The "Chaplin Project", based in the Italian city of Bologna, has been entrusted with the task of restoring the artist's films and digitalising his archives.This content was published on December 23, 2002 - 17:49
The project was officially launched earlier this year even though Italian researchers and film restorers began their work in 1999.
Cecilia Cenciarelli, the co-ordinator of the Chaplin Project, spoke to swissinfo's Dale Bechtel about its work and its aims.
swissinfo: Why has an Italian archive been entrusted with the task of restoring Chaplin's films and compiling a digital database of his documents?
Cenciarelli: Our restoration laboratory "L'Immagine Ritrovata" is well known all over the world for its quality and application of the latest technologies. The Chaplin family was impressed by the great care we take. Italy has always had a particular love for Chaplin, and has always promoted his films and loved his persona. The Chaplin family and the Association Chaplin have shown great trust in our expertise.
"Cineteca di Bologna" is the second largest film archive in Italy and hosts one of the two existing festivals on silent cinema, "Il Festival del Cinema Ritrovato", where archivists, professors, students, researchers and amateurs from all over the world gather each summer. It was widely felt that this was the right place and context for the Chaplin Project.
swissinfo: Can you explain what you will be doing at the Montreux archives next month?
Cenciarelli: The Chaplin Project team consists of six people, and our task is to digitalise page by page, catalogue and study all the paper materials before August 2005. To do this we have organised the transferral of a number of documents from Paris and Montreux. The paper materials come in boxes, and after several months they will be returned to Montreux.
My colleagues will travel to Montreux to finish examining all the papers and to compile a complete inventory of what is held in Montreux, as well as to exchange some boxes. "Limelight" will return home [to Montreux] and "Monsieur Verdoux" will visit Bologna!
swissinfo: How important are the Chaplin documents in Montreux?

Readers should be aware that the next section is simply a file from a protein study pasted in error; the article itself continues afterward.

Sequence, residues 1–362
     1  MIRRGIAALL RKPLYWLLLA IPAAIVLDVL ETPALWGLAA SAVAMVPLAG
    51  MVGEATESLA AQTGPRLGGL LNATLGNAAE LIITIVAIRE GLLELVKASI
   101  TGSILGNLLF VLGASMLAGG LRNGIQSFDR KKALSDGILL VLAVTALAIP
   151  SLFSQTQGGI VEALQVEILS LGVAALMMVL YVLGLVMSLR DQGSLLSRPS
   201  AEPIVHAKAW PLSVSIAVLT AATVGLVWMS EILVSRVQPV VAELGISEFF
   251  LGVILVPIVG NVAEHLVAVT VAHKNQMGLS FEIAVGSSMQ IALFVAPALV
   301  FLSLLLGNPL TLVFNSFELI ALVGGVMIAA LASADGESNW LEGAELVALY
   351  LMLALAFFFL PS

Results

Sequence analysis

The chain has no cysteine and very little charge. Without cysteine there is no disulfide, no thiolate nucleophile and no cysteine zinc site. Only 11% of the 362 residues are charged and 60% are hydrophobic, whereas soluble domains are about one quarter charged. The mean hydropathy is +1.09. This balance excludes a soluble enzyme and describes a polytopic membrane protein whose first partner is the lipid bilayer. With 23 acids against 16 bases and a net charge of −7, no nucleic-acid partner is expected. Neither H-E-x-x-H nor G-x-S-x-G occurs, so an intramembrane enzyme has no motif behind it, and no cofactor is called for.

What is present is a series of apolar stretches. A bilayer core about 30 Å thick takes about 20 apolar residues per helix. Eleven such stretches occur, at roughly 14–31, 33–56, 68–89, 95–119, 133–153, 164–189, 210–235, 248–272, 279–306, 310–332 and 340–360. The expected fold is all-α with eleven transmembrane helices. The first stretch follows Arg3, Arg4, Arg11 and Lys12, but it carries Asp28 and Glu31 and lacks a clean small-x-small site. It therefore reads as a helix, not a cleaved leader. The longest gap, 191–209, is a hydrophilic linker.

Cenciarelli: The Montreux archives are certainly the largest of their kind and will get bigger. The Chaplin papers have travelled a lot, from California where the director had his studios to Switzerland, even though a part of it is still in Paris where the Association Chaplin is located. Once we have finished cataloguing everything all the documents [including those in Paris] will be reunited for the first time in Montreux, where they will be safeguarded under the best possible conditions.
Not only is the head of the archives, Evelyne Lüthi-Graf, one of the most competent professionals in her field but Montreux also has the best and most modern security system, and has installed a state-of-the-art climate control system to prevent the deterioration of the documents.
swissinfo: What is included in the archives that you are digitalising?
Cenciarelli: They are immensely rich and various. The collection ranges from scripts, to manuscripts, scenarios, drawings, original scores, personal letters, daily production reports, original press releases, photographs - almost 200,000 pages in all going back to the 1910s. Our aim, as a film archive and as the Chaplin Project, is to provide visibility for this beautiful and unique collection by making it accessible to researchers and students in order to keep Chaplin's name alive.
swissinfo: What do you enjoy most about cataloguing the works and documents of Charlie Chaplin?
Cenciarelli: Our work is similar to that of an archaeologist: we feel we are making a new discovery each time a box of Chaplin documents arrives. We recently received a box which included fake French franc notes used in Monsieur Verdoux, and a letter written and signed by Albert Einstein.
swissinfo: What surprised you about the way the film-maker worked?
Cenciarelli: I really enjoy tracing back all the variations Chaplin made in his scripts - from the first draft to the final version. He made an incredible number of changes before being satisfied. He often carried an idea from the very beginning through to the end of filming and then, after two years of working on a particular scene, decided to cut it at the last minute.
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